Alliance: Cybercrime: Risks in international payment transactions

I. Business activity in the digital world: Caution is advised!

Today, more and more business activities and professional activities are shifting to the digital world. The coronavirus pandemic has contributed significantly to this trend, as it has forced us to adapt to new realities. This situation, as well as the efficiency and convenience of remote work, has created a new working reality, which in turn brings new risks of which many of us were previously unaware. We are talking about cybercrime, which companies in particular can suffer. While we think this issue will certainly never affect us, we should not underestimate it too much, especially as we have seen an increase in this type of crime lately.

II. Cybercriminal modus operandi

A common method used by perpetrators is trying to pretend to be a regular business partner of a company through fake email addresses to change account numbers to which payments related to transactions are transferred. In most cases, only one letter of the original (correct) email address is changed during falsification, so that the change is not easily recognisable.

The relevance of this topic must be highlighted: If a company is the victim of such a criminal offence, the criminal proceedings often last for years. This is not only due to the difficulty of identifying the perpetrators, but in many cases also the need to initiate proceedings in cooperation with authorities in other countries. This need arises from the fact that perpetrators of this type of crime are usually criminal groups operating in and out of multiple countries. If a cybercrime is committed within the EU, this can be seen as less problematic. However, if this is an incident involving third countries, serious problems may arise because collaboration between the competent public prosecutors seems practically impossible.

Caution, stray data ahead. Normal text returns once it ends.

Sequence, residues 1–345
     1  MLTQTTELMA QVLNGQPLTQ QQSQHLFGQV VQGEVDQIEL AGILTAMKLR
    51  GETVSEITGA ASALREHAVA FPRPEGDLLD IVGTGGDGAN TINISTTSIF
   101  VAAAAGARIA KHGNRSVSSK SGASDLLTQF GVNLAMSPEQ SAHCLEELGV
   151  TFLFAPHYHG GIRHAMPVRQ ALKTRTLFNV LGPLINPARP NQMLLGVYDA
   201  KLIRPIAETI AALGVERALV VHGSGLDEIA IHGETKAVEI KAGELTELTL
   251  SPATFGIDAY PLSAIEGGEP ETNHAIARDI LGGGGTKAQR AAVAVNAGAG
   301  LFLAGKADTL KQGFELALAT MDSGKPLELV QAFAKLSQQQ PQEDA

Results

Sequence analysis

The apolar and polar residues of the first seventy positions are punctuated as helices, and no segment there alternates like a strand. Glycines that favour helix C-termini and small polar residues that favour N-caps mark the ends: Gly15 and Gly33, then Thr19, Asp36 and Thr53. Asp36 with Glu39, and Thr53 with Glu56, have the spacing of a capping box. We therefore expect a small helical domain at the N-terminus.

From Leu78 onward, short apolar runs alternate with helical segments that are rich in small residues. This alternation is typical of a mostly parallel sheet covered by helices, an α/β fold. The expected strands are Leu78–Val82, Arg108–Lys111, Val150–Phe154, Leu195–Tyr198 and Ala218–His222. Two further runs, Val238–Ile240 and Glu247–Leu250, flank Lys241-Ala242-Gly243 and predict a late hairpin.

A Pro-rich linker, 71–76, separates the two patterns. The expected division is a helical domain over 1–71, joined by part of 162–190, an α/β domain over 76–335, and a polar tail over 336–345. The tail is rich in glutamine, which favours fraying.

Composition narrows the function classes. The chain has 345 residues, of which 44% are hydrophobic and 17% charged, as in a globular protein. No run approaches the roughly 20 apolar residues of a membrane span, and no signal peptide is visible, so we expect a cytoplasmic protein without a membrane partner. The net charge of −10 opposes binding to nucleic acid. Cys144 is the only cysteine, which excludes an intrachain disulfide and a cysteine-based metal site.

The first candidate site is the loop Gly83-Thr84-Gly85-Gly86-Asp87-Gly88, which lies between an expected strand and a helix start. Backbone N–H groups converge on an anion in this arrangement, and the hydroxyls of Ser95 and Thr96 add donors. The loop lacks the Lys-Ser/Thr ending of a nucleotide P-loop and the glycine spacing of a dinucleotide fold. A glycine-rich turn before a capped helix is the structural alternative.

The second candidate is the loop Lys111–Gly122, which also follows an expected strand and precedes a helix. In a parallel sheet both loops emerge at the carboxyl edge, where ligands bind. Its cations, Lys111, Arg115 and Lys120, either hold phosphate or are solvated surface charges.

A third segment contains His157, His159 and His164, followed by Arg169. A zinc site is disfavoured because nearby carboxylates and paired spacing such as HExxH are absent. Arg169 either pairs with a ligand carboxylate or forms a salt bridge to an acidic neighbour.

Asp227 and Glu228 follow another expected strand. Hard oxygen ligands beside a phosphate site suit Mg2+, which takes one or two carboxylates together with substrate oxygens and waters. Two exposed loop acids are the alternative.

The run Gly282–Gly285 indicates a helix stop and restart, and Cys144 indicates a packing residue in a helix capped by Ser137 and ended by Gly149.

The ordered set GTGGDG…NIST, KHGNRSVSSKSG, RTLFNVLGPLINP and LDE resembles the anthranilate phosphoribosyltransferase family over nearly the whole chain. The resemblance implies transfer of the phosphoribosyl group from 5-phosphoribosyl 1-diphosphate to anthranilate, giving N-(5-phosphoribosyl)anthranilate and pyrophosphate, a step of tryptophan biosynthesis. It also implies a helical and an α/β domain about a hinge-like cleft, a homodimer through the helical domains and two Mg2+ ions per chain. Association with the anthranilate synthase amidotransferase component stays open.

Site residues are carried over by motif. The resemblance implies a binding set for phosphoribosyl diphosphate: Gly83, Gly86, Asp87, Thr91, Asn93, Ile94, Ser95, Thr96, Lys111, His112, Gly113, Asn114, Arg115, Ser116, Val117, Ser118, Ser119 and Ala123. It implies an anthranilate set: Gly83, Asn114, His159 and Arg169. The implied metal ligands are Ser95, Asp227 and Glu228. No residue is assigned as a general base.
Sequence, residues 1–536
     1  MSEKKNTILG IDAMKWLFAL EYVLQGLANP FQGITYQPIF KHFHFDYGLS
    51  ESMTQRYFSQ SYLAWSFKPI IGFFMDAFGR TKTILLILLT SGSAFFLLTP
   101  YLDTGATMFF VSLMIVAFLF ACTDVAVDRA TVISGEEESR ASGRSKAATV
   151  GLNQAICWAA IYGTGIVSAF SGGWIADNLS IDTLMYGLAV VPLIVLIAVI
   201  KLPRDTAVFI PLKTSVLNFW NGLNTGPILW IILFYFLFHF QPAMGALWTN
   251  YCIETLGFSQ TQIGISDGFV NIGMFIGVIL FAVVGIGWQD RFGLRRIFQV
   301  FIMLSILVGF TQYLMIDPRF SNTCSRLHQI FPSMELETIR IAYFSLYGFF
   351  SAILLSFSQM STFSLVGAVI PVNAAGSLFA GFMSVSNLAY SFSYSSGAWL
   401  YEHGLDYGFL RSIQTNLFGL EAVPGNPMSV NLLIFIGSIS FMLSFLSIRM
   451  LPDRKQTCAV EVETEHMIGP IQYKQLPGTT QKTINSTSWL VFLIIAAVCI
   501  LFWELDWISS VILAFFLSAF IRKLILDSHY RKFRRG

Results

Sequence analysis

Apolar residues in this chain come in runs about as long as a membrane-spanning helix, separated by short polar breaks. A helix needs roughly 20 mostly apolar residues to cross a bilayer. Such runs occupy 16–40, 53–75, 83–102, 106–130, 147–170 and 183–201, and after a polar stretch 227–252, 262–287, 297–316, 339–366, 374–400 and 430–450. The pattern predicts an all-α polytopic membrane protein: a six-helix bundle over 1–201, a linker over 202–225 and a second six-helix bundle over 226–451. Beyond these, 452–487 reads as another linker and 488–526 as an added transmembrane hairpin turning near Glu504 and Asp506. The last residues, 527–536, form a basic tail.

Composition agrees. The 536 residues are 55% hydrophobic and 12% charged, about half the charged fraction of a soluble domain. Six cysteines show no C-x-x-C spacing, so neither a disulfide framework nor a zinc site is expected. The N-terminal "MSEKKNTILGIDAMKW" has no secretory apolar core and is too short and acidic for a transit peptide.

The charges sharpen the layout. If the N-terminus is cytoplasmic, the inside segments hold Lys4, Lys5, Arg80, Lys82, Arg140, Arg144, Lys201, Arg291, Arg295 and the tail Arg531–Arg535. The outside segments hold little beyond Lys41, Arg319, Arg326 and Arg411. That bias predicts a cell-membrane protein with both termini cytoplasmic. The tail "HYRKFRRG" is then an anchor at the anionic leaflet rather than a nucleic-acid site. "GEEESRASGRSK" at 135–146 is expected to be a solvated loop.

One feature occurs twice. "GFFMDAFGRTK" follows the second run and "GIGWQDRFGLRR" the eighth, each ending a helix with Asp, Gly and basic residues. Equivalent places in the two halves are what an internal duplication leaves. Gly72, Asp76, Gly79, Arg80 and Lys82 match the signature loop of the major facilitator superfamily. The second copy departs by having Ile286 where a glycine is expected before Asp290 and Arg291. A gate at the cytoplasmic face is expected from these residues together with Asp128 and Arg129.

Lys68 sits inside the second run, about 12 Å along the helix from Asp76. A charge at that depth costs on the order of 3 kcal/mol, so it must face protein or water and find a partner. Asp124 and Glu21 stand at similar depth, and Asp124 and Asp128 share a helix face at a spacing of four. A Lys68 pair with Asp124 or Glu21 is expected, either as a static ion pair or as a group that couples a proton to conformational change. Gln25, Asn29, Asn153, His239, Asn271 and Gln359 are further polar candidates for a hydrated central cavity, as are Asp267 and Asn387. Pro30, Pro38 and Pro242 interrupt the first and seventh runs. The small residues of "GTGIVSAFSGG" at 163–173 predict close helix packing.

III. Better to prevent than to subsequently limit damage

Precautions can be used to minimise the risk. The mere fact that precise bank details are recorded in contracts with the contractual partners is enough. Consequently, changes to this information could only be made on the basis of an addendum. A situation that can lead to a change in the account number should be checked closely as to whether, for example, the new bank account of the business partner is managed in the country in which it actually operates.

If the bank account is changed, additional controls are recommended, in particular by management, to determine the authenticity of such changes. In any case, the importance of having in-house procedures, including work regulations and other internal regulations, in the event of an attempt at fraud, and the importance of training for employees must always be pointed out to prepare and raise awareness of possible cyber threats.

IV. Respond quickly to cyber incidents

If you have been the victim of such a crime, it is crucial to act immediately. Experience shows that employees who are involved in such cyber fraud often experience a kind of shame about their own behaviour and try to contact the perpetrators directly. However, since every hour counts here, employees should be made aware that they should not act on their own, because in such a case it is not only important to proceed quickly, but also appropriately. First of all, the bank with which the business account is held must be notified as quickly as possible in order to stop (if still possible) transfers to the fraudulent bank account. If the funds transferred can unfortunately no longer be collected by the bank, legal steps must be initiated immediately.

If you have any questions about cybercrime or need legal support in a cyber incident, our competent team will be happy to advise you and support you with all your questions. Get in touch with us today! 

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Autor: Konrad Schampera